Critical Condition: Disjointed

Disjointed | Netflix, from Friday

➢ “Kathy Bates leads Chuck Lorre’s Netflix multicamera comedy — about a marijuana dispensary — which blends broad, obvious stoner humor with some interesting touches … Even if Disjointed is aspiring to the predictable and broad, it’s all executed with precision … Working to hold together the disparate bits and pieces are a likable cast lead by an easygoing Bates, sporting an inconsistent accent, but landing laughs through the show’s genial haze.” — The Hollywood Reporter.

➢ “Is Disjointed better if you’re stoned? Well, of course. Pot has been adding another dimension — and improving the flaws of bad television — for almost as long as we’ve had the medium. And Disjointed, in particular, seems designed to satisfy a mellower state of mind. It’s slow and spacey and visually kinetic, with a, well, disjointed format that frames traditional multi-camera set pieces with fake commercials, animated segments, and fictional YouTube videos … It’s so scattershot that it appears to imply meaning, when the fact is, it might also just be random.” — Variety.

➢ “Often, the best parts of Disjointed are the little videos that break up the scenes. Some are homemade internet spots to advertise the store. Some are tripped-out moments, usually animated. There are some parodies of old warnings against the dangers of marijuana, and a couple of them may even be real. Of course, most of the jokes are pot-related, and high people can get on your nerves. Ingesting Disjointed is pretty harmless. You might get a buzz, though. There are a few laughs, but I can pretty much assure you that you won’t get addicted.” — Los Angeles Daily News.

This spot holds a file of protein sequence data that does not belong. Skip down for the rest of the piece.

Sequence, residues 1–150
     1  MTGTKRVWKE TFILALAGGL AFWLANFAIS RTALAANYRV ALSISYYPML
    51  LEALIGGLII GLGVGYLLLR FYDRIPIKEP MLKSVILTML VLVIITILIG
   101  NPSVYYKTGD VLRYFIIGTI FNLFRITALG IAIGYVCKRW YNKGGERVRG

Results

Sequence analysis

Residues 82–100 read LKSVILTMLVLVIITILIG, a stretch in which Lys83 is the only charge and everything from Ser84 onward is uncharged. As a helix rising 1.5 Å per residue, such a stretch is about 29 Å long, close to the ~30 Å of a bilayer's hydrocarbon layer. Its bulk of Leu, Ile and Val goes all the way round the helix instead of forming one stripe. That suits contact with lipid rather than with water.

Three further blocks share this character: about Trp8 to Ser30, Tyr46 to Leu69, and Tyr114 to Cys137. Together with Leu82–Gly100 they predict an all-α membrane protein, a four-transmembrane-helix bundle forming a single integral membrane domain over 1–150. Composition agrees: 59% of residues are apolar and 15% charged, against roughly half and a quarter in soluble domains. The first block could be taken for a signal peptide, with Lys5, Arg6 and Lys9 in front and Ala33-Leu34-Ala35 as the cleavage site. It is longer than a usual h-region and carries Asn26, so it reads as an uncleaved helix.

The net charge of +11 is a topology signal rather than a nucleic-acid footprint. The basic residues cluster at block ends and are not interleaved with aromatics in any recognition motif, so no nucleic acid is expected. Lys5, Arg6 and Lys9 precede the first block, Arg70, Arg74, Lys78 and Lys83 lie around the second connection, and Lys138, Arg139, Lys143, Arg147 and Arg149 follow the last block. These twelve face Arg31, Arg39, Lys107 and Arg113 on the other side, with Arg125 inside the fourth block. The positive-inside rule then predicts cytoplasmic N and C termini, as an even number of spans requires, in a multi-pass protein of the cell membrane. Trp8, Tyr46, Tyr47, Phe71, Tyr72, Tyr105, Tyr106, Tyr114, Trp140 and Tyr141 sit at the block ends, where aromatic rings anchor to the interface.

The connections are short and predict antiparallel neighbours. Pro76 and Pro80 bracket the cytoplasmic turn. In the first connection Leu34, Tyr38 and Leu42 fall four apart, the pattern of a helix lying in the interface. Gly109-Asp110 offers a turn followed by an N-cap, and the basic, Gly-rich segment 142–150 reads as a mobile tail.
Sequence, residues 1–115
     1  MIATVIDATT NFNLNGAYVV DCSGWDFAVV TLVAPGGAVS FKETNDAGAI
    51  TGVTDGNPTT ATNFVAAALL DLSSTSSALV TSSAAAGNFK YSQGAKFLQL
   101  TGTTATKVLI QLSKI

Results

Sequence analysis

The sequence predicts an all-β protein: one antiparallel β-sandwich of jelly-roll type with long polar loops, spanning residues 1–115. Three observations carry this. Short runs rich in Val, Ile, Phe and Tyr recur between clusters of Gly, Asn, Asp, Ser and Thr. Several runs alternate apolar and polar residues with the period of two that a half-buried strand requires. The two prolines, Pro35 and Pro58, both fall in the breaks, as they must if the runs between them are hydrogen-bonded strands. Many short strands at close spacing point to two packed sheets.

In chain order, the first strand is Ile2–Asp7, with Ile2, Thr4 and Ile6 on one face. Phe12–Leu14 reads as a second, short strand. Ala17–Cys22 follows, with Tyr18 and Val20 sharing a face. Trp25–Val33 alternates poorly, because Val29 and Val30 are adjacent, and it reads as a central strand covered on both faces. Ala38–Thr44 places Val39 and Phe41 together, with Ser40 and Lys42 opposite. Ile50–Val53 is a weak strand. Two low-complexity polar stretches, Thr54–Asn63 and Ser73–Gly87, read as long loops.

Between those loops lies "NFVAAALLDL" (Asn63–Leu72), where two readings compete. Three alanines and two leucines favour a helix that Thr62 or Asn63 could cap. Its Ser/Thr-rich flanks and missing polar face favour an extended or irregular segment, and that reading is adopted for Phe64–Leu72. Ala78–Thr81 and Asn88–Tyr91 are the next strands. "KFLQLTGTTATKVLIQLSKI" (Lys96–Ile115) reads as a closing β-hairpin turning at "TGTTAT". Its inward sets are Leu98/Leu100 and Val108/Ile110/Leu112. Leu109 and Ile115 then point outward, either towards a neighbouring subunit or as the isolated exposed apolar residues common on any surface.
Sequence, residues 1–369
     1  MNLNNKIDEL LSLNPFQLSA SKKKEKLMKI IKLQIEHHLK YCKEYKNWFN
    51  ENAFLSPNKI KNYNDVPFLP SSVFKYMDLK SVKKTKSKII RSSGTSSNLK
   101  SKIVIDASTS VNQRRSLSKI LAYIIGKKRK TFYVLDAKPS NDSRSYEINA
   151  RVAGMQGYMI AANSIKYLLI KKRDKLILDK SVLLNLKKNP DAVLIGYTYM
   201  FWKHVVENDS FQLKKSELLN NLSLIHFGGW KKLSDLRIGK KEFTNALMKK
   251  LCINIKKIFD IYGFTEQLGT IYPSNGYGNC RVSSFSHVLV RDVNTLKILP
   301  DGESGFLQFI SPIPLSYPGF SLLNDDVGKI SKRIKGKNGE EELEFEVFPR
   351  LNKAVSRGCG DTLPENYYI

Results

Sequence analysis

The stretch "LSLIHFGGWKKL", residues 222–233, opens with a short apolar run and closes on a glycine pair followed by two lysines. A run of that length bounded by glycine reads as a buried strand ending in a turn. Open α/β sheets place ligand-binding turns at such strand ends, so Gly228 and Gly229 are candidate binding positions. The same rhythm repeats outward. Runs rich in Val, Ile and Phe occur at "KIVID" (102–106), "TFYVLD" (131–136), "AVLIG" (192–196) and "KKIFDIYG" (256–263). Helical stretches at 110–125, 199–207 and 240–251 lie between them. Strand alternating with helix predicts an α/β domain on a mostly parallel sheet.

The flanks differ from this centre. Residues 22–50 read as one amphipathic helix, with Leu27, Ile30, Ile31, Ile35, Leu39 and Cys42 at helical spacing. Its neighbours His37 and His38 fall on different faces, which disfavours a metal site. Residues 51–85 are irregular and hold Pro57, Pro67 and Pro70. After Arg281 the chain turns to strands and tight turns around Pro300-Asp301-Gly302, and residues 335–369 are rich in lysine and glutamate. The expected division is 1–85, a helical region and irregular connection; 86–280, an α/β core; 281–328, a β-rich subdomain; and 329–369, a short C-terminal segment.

➢ “Disjointed is an enjoyable mess that probably makes more sense if you’re stoned … If you do watch the show stoned, you’ll laugh. But then again, if you watch Wolf Blitzer stoned, you’ll probably laugh, too. The rest of us can enjoy a contact high. This isn’t primo TV, but it’s also not stems and seeds.” — San Francisco Chronicle.

➢ “Disjointed is a thoroughly professional, overall pleasant, largely painless piece of work. The cast is good company; the jokes land often enough.” — Los Angeles Times.

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